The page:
The Compassionate and Gracious God
Feb 7, 2014 1927
By Levi James
When Abram was in Haran, God visited him and told him he would be the father of many nations, and that the world would be blessed through him. At the time, Abram and his beautiful wife, Sara were childless. When a famine forced this man and his family down to Egypt, Abram knew Sara’s beauty would not go unnoticed by Pharoah’s scouts. There was a real risk the he might be killed and Sara taken into Pharoah’s harem. But Abram was a resourceful man! He told Sara to pretend she was his sister. In this way did the patriarch prove that he was willing to sacrifice his wife to the Egyptian ruler’s sexual appetites, just so long as he himself was unharmed.
Abram’s behaviour shocks our sensibilities. He seems brutally dispassionate regarding his wife. We are right to judge Abram harshly here, but as we do so we ought to remember that he reflects human behaviour in general. The Bible characters mirror our own.
Later, Sara rehearses Abram’s indifference to her through her treatment of her handmaid Hagar. We learn of Sara’s plan to supply her husband with an heir by giving him Hagar. When Hagar is pregnant, Sara begins to harass her. So oppressed by Sara does Hagar become, she escapes into the desert towards Egypt, her native land. There, by a desert spring, she is met by the angel of the Lord who speaks tenderly to her:
“I will increase your descendants that they will be too numerous to count. You are now with child, and you will have a son. You shall name him Ishmael, for the Lord has heard of your misery”(Genesis 16:10,11).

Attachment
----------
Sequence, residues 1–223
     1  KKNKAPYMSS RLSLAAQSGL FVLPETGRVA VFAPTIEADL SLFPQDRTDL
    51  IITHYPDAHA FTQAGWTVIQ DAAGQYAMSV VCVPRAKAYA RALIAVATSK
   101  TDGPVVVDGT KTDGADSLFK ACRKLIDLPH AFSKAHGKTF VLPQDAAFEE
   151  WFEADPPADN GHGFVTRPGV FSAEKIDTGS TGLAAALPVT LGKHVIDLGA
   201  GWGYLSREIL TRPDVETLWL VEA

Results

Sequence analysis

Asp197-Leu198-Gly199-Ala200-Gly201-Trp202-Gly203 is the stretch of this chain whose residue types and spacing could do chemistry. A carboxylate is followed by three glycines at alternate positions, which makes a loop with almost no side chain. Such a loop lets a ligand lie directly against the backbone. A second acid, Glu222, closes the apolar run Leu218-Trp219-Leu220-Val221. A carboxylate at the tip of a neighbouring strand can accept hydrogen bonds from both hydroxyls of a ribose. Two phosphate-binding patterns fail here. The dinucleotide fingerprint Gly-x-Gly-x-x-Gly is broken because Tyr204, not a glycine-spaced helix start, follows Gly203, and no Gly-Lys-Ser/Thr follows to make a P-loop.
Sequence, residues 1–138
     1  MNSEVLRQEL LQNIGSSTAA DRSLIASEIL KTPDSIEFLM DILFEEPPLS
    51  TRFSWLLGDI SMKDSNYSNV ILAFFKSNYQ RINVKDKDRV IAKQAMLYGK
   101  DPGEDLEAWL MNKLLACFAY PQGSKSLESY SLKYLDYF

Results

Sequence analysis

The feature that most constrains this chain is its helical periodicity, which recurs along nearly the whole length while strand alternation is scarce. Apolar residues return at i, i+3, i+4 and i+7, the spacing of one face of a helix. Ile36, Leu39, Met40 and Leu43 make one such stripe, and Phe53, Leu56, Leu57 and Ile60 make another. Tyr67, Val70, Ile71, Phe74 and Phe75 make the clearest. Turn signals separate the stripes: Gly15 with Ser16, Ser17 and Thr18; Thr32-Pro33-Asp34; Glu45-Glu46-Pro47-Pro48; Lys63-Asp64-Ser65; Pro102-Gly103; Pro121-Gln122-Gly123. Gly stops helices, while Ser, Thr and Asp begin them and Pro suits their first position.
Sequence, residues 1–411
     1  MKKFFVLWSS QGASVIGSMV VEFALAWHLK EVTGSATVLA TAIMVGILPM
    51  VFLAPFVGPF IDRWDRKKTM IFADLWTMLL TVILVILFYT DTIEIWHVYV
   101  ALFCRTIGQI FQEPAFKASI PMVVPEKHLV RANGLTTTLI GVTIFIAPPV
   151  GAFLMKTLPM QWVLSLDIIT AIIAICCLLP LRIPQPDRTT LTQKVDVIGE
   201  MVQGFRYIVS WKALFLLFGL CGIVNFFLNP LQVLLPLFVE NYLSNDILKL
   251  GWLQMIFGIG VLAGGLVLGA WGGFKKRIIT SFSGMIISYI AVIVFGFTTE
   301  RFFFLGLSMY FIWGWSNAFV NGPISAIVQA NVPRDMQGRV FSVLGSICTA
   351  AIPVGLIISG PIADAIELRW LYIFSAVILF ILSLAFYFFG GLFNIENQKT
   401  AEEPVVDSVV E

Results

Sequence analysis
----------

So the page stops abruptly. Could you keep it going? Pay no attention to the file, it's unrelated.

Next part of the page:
The divine emissary who speaks to Hagar is identical with the Angel of the Lord who communicated the divine promise to Abram, and his words are similar too. They include the promise of a male child and a numerous posterity.
Observe the contrast between Abram’s treatment of Sara, Sara’s treatment of Hagar and God’s treatment of them all. When first God spoke to Abram, he was a man without a homeland and without prospects. His situation was not unlike that of banished Hagar.
While men and women rejoice in God’s mercies they are marvellously reluctant to pass them on to their fellows. Over against man’s inhumanity to man; over against oppressive and violent sectarianism, are the broad compassions of God. He moves across the world’s peoples, seeking out the oppressed, the discarded and the ignored; covering them with love and kindness.
The Lord, the Lord, the compassionate and gracious God, abounding in love and faithfulness .(Exodus 34:6).